Construction of water and sanitation infrastructures can enhance people's health and well-being. Problems with operation of services and maintenance of equipment can reverse these gains.

Regular operation and maintenance are indispensable to ensure long-term provision of water and sanitation services.

Operation and maintenance activities rarely encompass only technical issues. Managerial, social, financial, and institutional issues also play roles in advancing infrastructure sustainability.

There are a myriad of ways to implement effective operation and maintenance of rural water supply and sanitation services in developing countries. Community participation is one way to achieve this. Committees of users (ideally gender balanced) can organize responsibility for the operation and maintenance of a system.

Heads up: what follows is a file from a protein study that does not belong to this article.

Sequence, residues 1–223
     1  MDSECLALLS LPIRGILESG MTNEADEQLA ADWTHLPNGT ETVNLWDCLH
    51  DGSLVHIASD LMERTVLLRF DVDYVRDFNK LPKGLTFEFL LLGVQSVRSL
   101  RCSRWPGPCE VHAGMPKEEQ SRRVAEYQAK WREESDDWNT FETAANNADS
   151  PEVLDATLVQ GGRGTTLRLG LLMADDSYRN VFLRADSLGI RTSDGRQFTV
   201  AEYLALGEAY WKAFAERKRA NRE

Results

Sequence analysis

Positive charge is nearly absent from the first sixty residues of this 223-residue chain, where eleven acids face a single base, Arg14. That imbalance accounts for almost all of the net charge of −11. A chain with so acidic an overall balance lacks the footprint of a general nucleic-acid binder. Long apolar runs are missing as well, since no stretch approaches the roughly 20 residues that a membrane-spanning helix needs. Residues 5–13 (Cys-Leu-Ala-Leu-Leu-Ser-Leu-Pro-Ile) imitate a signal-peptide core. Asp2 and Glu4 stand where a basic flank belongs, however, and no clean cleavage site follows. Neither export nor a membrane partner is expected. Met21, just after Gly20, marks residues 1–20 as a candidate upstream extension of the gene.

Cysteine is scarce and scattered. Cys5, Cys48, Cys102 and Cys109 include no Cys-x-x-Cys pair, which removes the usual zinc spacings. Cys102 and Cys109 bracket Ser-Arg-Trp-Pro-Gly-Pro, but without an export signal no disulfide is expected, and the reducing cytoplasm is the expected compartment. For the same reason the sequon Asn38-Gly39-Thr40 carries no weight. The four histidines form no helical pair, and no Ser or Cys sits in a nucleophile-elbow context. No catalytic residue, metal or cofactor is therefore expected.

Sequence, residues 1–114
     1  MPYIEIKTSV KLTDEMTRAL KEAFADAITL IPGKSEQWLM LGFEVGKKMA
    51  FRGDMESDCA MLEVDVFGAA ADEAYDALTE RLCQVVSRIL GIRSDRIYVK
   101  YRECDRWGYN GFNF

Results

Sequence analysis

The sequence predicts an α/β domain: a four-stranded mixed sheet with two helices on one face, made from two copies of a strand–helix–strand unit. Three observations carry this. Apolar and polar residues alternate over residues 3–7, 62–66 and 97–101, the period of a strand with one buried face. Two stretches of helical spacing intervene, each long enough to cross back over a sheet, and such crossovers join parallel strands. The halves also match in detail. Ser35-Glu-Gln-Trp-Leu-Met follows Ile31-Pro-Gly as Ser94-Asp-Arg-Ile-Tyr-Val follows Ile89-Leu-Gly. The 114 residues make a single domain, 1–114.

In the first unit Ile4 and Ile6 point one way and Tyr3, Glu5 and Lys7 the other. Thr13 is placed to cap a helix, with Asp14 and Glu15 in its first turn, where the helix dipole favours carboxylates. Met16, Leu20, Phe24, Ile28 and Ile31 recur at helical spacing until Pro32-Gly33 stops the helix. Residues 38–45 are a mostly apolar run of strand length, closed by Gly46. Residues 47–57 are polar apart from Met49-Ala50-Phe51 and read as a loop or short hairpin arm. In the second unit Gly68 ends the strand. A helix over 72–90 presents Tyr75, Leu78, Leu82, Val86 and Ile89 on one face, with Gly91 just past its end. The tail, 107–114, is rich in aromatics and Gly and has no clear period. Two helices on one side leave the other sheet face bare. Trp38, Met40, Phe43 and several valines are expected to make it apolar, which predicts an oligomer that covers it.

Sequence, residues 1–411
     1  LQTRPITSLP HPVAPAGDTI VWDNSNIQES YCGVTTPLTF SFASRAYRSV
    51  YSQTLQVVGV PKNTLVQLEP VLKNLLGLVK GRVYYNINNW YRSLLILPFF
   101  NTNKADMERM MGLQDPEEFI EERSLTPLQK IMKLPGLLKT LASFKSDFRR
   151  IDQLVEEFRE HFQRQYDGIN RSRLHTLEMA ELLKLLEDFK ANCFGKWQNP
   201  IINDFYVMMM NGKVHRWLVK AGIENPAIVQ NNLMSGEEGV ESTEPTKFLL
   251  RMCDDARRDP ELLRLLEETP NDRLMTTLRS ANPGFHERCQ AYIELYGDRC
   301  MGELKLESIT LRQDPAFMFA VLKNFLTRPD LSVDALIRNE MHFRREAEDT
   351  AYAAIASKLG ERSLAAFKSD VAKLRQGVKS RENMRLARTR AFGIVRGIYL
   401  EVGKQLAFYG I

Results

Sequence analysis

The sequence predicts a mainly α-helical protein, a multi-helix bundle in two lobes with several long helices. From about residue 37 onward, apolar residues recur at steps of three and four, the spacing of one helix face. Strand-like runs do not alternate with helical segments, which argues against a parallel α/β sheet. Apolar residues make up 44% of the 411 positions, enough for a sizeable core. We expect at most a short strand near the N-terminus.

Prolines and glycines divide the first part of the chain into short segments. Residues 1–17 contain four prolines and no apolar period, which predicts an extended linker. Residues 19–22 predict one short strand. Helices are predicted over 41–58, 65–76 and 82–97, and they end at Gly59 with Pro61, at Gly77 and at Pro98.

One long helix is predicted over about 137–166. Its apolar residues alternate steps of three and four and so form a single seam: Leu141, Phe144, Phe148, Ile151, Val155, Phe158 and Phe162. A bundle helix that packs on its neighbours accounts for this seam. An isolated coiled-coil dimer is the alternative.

This requires adequate training, both technical and organizational, and a commitment to a sustainable operation. Costing calculations and the introduction of fees – however small, in cash or inkind – are in almost all cases necessary, and a vital part of participatory planning and community sensitization.

Another way to achieve effective operation and maintenance is through private or public enterprises. Such enterprises should work with local authorities and government bodies responsible for control of quality, consistency, and equity of services.

Regardless of which measures are applied to a local situation, the inclusion of operation and maintenance of any planned system remains a vital component of its continuing success – provision of  sustainable water supply and sanitation services.



Last updated: Mon, 11/08/2010 - 18:35